In fact, 80 percent of us are at risk of conditions such as heart attack or stroke, and a heart attack happens every three minutes in the UK. Fortunately, there is plenty we can do to listen to our hearts and improve their condition.
Since the 1980’s, when measures such as the Framingham Risk Score were used to calculate a patient’s risk of suffering from a heart condition, there have been relatively simple ways to work out our risk factor. Currently accepted systems include QRISK3, developed by ClinRisk LTD using data from the NHS, and JBS3, a heart risk app available through iTunes and Google Play, which is ideal for practitioners wanting to demonstrate the benefits of interventions to reduce the risk of heart disease.
The easiest system for most of us to use is the NHS’s own Heart Age tool, which asks 16 simple questions such as your age, height, weight, sex, ethnic group and smoking history, and quickly calculates the ‘age’ of your heart compared to your actual age.
See Also: Your Healthy Heart
Shockingly, Public Health England’s findings following analysis of results from its own Heart Age test was that one in 10 men aged 50 has a heart age of 60.
PHE says the 7,400 people in the UK die from heart disease or stroke every month, and people under 75 account for a quarter of these deaths, most of which can be prevented. The issue affects women nearly as much as men; more than 900,000 women in the UK are living with heart disease and it kills nearly three times more women than breast cancer.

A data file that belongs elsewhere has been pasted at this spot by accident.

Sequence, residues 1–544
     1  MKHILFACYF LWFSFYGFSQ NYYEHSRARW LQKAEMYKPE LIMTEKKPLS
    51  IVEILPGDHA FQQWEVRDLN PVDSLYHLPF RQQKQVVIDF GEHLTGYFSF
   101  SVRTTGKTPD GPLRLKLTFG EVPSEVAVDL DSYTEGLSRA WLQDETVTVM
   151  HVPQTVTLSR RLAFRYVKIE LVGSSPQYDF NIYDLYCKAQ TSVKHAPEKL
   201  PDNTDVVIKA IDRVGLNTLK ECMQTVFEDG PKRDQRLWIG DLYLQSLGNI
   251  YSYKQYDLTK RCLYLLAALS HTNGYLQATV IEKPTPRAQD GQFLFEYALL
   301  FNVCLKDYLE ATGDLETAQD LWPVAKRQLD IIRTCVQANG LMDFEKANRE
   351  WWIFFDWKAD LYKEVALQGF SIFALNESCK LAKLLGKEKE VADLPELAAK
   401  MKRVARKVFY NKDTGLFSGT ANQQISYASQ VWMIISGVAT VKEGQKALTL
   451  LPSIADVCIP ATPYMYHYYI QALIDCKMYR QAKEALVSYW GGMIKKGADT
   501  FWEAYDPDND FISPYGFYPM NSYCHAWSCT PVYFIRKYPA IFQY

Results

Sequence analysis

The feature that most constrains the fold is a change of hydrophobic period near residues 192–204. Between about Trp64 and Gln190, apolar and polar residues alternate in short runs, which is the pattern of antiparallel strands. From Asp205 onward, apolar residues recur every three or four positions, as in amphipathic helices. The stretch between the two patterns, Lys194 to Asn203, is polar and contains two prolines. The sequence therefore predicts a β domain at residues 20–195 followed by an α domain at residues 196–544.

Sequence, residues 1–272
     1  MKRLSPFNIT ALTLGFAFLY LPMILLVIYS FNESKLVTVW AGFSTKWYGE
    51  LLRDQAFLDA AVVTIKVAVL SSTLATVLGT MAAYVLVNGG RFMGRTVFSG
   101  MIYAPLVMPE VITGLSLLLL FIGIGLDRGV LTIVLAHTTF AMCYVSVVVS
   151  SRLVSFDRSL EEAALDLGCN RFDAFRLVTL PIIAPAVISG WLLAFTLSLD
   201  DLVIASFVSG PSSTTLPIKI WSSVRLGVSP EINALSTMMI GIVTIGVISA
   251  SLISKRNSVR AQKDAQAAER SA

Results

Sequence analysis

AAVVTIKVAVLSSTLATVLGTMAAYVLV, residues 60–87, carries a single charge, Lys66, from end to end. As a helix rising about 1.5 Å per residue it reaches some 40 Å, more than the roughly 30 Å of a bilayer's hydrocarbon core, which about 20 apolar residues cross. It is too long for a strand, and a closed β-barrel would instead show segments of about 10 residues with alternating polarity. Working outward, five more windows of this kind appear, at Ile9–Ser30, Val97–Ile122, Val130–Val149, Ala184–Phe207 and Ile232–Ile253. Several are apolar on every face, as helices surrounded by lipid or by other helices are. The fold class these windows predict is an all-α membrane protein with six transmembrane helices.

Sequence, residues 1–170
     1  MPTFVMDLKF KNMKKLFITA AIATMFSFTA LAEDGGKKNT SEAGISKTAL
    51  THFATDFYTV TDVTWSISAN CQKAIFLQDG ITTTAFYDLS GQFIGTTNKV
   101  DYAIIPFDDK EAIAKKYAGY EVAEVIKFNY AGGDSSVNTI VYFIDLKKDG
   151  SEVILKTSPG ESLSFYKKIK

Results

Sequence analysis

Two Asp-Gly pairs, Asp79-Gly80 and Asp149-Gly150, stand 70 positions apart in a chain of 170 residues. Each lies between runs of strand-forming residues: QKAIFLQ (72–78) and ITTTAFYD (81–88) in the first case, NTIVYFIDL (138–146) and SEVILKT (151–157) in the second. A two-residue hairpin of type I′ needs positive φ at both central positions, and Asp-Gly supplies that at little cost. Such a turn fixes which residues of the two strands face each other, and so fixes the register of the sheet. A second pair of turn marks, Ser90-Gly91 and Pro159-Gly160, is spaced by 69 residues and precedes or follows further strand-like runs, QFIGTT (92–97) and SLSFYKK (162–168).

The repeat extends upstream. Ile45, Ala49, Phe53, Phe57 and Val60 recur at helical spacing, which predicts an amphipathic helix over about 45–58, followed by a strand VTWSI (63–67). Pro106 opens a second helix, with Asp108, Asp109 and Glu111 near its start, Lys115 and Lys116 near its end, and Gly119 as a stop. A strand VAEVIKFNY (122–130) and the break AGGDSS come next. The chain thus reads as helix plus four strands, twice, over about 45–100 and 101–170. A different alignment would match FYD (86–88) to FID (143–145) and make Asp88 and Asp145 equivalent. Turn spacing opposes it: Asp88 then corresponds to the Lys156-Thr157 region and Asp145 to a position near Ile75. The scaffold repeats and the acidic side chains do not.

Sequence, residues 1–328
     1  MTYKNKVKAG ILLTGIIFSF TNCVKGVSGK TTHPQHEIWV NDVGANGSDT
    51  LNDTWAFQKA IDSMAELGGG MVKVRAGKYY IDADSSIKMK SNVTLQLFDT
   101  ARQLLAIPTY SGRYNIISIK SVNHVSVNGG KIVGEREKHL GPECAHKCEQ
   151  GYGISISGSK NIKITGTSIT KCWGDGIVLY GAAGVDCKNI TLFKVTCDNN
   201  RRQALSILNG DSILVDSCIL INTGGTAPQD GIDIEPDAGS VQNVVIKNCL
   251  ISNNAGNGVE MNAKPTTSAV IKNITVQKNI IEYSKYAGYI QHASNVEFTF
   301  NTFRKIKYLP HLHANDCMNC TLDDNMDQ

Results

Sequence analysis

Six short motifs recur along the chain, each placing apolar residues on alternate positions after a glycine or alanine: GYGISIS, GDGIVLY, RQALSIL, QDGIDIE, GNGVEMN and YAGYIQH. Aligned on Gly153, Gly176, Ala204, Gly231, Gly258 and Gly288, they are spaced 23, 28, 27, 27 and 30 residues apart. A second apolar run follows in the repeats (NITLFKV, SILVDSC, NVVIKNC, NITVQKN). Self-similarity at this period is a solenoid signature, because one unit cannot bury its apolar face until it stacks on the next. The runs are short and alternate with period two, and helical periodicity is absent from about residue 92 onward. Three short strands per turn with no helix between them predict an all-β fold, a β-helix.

So, what can we do to improve our heart health and lower our heart age?
Some factors, such as age and gender, we can do nothing about – nor can we change having a family history of cardiovascular disease. There are also some hidden factors that don’t cause any visible symptoms but can increase risk, such as high blood pressure, cholesterol levels or blood glucose (diabetes). For this reason, the online heart age test is more accurate if you know your blood pressure and cholesterol levels.
But some factors contributing to a raised heart age are very much under our control – the main ones are smoking, alcohol, diet and exercise. The good news is that it is never too late to do something about all of these.
See Also: Help Your Heart
Your first step should be to get a health check – every 40 to 74 year old in England is entitled to a health check every five years at a GP surgery, pharmacy, or in some area, in local libraries or mobile units in shopping centres. Over 75’s can have an annual check-up. Under 40’s are generally low risk but should see their GP if a close family member has had a heart attack or stroke at a young age (under 55 for a male relative, under 65 for a female).
You can buy a DIY cholesterol-testing kit, and measure your blood pressure at home with an inexpensive monitor, but it is essential to have a discussion with a health professional too.
If your heart age turns out to be higher than your real age, try to balance it out with these basic steps.
See Also: Eat For Your Heart’s Sake
At least a third of all cardo-vascular disease is attributable to smoking. Smoking damages the lining of all arteries, leading to fatty build-up. Quitting can be hard – every year nearly half of all smokers in the UK try to stop, but only two to three percent succeed. Your best move is to accept all the help you can get, from psychological support to nicotine replacement therapy and prescribed drugs to reduce cravings.